Warren Buffett, Cash, and the Greatest Hamburger of All Time
Lee Iacocca was responsible for both the Ford Mustang and the Chrysler minivan, two of the bestselling automobiles outside the VW Beetle. You can get a classic Mustang under $25K because Iacocca sold millions of them.
It’s a laughingstock now, but when the minivan launched in 1994, it sold a record 140,773 in the first three months, outselling every passenger car on the road including the Ford Taurus, Chevy Cavalier, Honda Accord, and Toyota Camry.
Iacocca cut 10 inches off the backend of the K-car so two would fit on a flatbed rail car and thus reduce shipping costs. But it is his hamburgers that changed my life.
In his autobiography, Iacocca tells the story that in the Ford Motor Company's executive dining room, Henry Ford II rarely ate anything but hamburgers.
Furthermore, Ford complained that his own personal chef at home couldn't make a decent burger. In fact, no one made burgers as perfect as the ones at the executive dining room.
Wanting to impress Ford and undercut the other managers at his next cookout, Iacocca went to the kitchen and asked the chef to show him what he did to make Ford’s burgers so good. The chef went to the fridge, grabbed a thick marbled rib eye, ran it through a grinder, patted up a meat puck, and tossed it on the grill.
Sometimes, on certain occasions like yesterday, I, too, make the best burger known to man, much to the consternation of the would-be grill masters in attendance.
Anyway, while we were sitting around feasting on Labor Day, an older friend told me he made $8,000 last week despite the fact that all of his investments were very conservative.
This was a man who had survived and thrived through five of six stock market corrections. He added, “It makes me worried.”
Pride Goeth Before...
Back in 1999, I was a young and hungry trader. It was the mother of all tech booms, and you could toss money at anything and make more of it. If I remember correctly, and I do, my total portfolio returned 110% that year. It was easy money.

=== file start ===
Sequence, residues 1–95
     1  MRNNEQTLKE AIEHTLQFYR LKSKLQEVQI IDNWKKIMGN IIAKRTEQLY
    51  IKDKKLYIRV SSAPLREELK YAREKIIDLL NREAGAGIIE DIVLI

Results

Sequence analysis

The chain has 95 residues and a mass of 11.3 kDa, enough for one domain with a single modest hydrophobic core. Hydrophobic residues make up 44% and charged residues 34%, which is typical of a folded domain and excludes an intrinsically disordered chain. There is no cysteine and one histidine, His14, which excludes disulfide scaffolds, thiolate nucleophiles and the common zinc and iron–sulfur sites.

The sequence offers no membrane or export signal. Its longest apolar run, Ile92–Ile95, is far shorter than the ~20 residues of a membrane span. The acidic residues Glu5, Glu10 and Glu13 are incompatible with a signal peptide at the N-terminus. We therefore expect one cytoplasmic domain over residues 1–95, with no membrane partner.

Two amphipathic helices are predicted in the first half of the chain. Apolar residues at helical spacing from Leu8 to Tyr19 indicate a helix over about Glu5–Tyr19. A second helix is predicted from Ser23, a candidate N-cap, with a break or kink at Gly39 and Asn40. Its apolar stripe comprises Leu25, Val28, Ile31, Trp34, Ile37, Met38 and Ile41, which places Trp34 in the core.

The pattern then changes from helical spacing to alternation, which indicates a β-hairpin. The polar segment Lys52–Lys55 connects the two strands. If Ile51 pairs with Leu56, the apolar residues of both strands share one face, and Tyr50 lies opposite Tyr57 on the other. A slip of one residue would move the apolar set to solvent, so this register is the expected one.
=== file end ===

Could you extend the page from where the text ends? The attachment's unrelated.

At the time, Warren Buffett was going on about never buying tech stocks or emerging markets. I thought he was an old codger whose time had passed. After all, he was in his late 60s.
Two booms and busts later, my thinking has changed. Buffett kept his money out of the dot-com boom. But he bought heavily in 2000 and 2001 and again in 2009. He set the bottoms both times.
Back in the late ’90s, Warren Buffett was saying he had nothing to buy, as the entire market was overvalued and tech investors had lost their minds.
Of course, Buffett is the world’s greatest and most famous investor, and when he does something, you have to pay attention. In his latest shareholder letter, he said, “Not enough good companies were available to buy at reasonable prices.”
Lately he is building cash so he can put it to use when the market does bottom.
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As you can see, from 2000 to 2003, he spent money. Also from 2009 to 2014, he was buying. Over the last two years, he is saving.
Warren is going to cash because what he has called his favorite indicator is showing an overbought market. When the stock market to Gross Domestic Product ratio is above 100%, a correction is sure to follow.
Here is the chart today, below the 2000 high but above the 2007 one:
That’s not to say the market will crash tomorrow. Trends can last a lot longer than you think. It wouldn’t surprise me if this bull market, because rates were so cheap for so long, surpassed the 2000 bull market in terms of valuation.
In 2000, before the bust, the S&P 500 had a P/E ratio of 35. Today it is at 25. The question is, how much of your money do you want to use chasing the top and hoping you get out before the bust, rather than building cash to buy when stocks are on sale at the bottom?
When your hamburger tastes like rib eye, you might consider who's zoomin' who...
All the best,
Since 1995, Christian DeHaemer has specialized in frontier market opportunities. He has traveled extensively and invested in places as varied as Cuba, Mongolia, and Kenya. Chris believes the best way to make money is to get there first with the most. Christian is the founder of Crisis & Opportunity and Managing Director of Wealth Daily. He is also a contributor for Energy & Capital. For more on Christian, see his editor's page.
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